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Recent DUI offender arrested after fatal crash

A recent deadly wrong-way crash in Scottsdale has taken the life of a motorcyclist. The Arizona Department of Public Safety reported a vehicle operated by a driver who was DUI traveling southbound in the northbound lanes of State Route 101 in the early morning of October 22.

The vehicle, an SUV, struck the motorcyclist head-on. The motorcyclist died from injuries sustained in the accident, while the other driver was unharmed. The driver of the SUV, who has been identified as 25-year-old Nicholas Sajovic, has been arrested and jailed under suspicion of second-degree murder. He was recently arrested in August for a DUI.

DUI laws in Arizona

While the blood alcohol concentration (BAC) limit across the nation is 0.08%, penalties vary from state to state. In Arizona, the laws driving under impairment, or DUI, are some of the strictest in the nation.

First offenders must serve jail time of no less than 10 days with a fine of $1,250, undergo treatment which includes community service, and have their vehicle equipped with a certified ignition interlock device (IID). Second and subsequent offenders are jailed a minimum of 90 days, fined a minimum of $3,000 with their driver’s license revoked for 12 months.

The tragedy of drunk driving fatalities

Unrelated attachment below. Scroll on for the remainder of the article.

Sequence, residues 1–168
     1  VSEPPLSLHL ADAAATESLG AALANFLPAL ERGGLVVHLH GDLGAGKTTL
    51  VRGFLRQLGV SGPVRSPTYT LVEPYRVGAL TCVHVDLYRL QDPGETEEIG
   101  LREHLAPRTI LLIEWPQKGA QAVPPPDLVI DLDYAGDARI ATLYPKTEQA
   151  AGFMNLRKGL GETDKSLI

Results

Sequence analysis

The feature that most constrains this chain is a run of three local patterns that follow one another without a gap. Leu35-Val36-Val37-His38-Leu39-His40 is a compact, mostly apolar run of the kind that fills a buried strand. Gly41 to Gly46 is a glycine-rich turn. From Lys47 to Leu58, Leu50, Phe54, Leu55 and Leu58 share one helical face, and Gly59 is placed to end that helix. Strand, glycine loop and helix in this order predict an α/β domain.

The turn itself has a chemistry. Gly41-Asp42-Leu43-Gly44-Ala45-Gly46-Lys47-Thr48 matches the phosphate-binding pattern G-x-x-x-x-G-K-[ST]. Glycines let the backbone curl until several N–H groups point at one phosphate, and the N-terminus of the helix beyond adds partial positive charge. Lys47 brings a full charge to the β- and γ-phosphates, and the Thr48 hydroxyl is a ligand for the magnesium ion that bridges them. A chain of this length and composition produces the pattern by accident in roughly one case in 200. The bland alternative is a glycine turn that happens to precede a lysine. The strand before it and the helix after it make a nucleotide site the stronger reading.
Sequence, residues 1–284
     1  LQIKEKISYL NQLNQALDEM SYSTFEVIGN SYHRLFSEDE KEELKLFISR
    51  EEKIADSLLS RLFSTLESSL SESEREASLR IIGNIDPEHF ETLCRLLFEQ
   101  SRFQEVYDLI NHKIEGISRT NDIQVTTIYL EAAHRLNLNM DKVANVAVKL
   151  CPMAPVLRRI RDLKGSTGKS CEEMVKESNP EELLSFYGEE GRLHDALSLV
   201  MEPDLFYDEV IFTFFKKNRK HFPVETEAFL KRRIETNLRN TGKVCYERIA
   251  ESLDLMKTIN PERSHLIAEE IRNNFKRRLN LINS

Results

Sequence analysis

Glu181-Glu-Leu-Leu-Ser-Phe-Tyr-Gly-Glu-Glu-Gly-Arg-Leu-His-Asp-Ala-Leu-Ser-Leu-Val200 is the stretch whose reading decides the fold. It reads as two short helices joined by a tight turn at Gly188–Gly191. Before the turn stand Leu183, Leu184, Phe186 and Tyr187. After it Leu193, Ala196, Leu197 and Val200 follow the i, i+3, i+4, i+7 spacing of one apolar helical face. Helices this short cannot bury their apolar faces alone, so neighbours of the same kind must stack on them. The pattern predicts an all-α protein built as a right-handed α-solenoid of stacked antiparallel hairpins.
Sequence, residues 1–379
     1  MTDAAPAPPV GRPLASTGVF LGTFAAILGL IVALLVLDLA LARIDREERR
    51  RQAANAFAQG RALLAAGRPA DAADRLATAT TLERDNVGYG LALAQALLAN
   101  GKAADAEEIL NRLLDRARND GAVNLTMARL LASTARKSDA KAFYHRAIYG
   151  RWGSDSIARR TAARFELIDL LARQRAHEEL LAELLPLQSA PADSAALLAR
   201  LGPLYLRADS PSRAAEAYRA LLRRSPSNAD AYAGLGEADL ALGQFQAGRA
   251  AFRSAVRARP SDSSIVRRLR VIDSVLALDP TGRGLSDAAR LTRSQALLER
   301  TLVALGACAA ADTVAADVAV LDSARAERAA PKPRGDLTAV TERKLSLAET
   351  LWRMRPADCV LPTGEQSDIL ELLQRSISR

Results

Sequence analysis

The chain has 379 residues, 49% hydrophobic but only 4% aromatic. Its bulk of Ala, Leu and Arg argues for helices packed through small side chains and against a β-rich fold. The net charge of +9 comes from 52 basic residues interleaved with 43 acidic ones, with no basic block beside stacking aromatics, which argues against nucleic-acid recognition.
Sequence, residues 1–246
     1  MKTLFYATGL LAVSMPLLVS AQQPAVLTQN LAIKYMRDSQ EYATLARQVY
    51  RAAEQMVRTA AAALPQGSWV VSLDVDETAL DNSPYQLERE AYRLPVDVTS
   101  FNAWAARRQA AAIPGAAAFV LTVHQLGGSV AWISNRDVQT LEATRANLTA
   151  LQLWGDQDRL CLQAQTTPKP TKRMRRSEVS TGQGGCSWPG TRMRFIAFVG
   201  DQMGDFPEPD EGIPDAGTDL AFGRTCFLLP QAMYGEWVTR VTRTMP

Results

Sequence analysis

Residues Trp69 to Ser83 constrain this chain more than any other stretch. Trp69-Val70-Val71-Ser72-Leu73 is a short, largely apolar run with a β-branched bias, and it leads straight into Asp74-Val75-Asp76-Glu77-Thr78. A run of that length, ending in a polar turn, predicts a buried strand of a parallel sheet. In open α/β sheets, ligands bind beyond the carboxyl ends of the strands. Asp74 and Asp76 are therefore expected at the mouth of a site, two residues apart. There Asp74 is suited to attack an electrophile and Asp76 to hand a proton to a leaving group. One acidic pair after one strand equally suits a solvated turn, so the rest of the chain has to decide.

Almost one-third of all fatal motor vehicle crashes in the United States involve alcohol impairment with a blood alcohol concentration of .08 g/dL or higher. In spite of education, social awareness and stiff penalties for offenders, accidents like this recent one happen too often, tragically taking loved ones from their communities and families.

Fortunately, in Arizona it is possible to pursue personal injury or wrongful death damages in several ways with the help of a skilled personal injury attorney. If it can be proven that the drunk driver acted willfully or maliciously, it is possible to also significantly raise compensatory damages by claiming punitive damages. If the driver does not have enough or any insurance coverage, pursuing third-party liability is also a viable option.

Arizona is one state that imposes liability on alcohol vendors—the so-called “dram shops”—for serving to minors or customers who were clearly intoxicated before they got behind the wheel. Arizona law also allows liability claims against social hosts who serve alcohol to minors. Filing for wrongful death or injury damages not only punishes the offender, but creates an example of them that hopefully discourages others from following.